Just over 200 years since Sir Humphry Davy invented the arc lamp, and 100 since Thomas Edison developed those ideas into a practical domestic light source, the lightbulb has been causing as many problems as it solved. Namely, how best to keep it covered. So, how do you shade yours?
Drum-shaped shade with a modern print – Maybe bold line drawings of leaves or foxes. In a colourway that goes with the rest of your studiously modern-but-homely home. The John Lewis home furnishings department makes you a bit excitable. As do the property pages of the local free magazine. You probably own a couple of Kilner jars.
Modernist Danish shade, especially the Norm69 – It seemed like a good idea at the time. It would demonstrate that you truly appreciate design and can handle hard edges. No House and Garden for you. It’s Wallpaper* all the way. Unfortunately you didn’t realise how hard it would be to a) assemble, and b) dust.
Baby Plumen bulb – the anti-shade. Just a bare (designer) bulb. Whoa, you really are urban! Lampshades are for wimps. This is a design classic and a philosophical statement. A piece of functional purity. It looks perfect in your loft apartment, ironically-industrial rural retreat or coffee-shop start up.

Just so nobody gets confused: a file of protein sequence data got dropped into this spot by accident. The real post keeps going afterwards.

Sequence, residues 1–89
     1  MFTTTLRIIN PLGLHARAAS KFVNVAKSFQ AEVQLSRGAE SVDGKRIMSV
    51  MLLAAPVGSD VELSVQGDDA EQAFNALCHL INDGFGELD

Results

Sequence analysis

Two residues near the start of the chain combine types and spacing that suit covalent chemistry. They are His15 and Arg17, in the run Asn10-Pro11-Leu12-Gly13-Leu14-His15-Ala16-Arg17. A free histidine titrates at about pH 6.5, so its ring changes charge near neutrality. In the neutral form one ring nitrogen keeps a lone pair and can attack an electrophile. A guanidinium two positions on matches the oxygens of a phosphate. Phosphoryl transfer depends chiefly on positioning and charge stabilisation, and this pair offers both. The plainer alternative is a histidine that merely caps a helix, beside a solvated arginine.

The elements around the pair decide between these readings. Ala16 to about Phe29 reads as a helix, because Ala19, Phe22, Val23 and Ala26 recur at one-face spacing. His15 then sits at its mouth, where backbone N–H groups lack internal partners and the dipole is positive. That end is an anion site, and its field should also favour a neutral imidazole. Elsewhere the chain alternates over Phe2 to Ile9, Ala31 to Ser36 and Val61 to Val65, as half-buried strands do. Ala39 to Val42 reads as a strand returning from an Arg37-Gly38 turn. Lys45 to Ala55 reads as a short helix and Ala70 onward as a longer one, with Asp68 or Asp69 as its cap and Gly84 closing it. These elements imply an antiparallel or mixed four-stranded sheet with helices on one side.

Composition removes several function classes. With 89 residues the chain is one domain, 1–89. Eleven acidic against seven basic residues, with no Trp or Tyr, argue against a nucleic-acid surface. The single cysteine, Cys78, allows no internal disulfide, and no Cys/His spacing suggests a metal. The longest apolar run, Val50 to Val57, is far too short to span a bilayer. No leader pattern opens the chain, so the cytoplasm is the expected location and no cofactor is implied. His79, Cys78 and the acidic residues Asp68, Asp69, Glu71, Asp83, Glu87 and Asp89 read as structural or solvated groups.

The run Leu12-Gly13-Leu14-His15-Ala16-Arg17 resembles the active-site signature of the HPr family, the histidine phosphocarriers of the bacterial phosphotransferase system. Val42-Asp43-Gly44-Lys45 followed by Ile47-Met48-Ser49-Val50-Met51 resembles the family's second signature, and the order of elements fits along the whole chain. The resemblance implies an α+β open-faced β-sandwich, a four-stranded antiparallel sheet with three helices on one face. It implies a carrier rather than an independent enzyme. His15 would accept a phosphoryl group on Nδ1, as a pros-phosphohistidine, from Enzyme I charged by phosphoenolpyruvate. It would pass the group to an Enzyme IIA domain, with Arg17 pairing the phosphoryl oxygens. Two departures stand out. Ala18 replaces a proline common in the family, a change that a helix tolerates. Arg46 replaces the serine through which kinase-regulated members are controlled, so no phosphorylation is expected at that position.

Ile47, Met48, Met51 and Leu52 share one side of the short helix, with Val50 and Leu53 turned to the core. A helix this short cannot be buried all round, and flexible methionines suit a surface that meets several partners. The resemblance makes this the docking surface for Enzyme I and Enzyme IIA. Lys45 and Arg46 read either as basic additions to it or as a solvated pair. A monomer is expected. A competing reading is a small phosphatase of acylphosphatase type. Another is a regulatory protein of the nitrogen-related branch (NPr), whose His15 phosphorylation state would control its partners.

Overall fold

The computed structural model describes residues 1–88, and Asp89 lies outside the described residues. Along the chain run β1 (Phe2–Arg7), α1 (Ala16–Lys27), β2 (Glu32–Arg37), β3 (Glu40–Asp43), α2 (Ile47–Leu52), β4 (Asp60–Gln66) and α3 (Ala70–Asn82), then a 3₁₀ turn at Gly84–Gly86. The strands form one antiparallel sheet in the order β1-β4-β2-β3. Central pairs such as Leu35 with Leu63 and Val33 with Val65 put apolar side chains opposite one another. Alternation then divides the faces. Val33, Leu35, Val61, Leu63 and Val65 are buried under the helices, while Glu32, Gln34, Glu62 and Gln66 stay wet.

Plain white paper lantern – Only acceptable if you recently left home, or are a student or intern trying to make your rental pad feel more homely on a limited budget.
Light ‘fittings’ – These are not merely coverings to be slipped over an eco lightbulb and clipped to a plastic cable, these are complete ensembles hanging from their own chrome cables. It’s all about detailing. And being able to afford an electrician to install it. Which is why you are more a Heal’s customer than an Ikea one.
Chandeliers – dismissed as being OTT, a bit ‘ideas above your station’, but that’s by people who don’t live in houses as big as yours. There’s nothing wrong with a bit of bling, as long as your interior designer offsets it with some more pared-back contemporary pieces. Which they have.
Tapered shade – This used to be the only shape a lampshade came in. Which is why we’d now do anything to avoid it. Generally now only found in rental properties, or homes over-70 chintz-botherers. Which means an ironic revival must be imminent.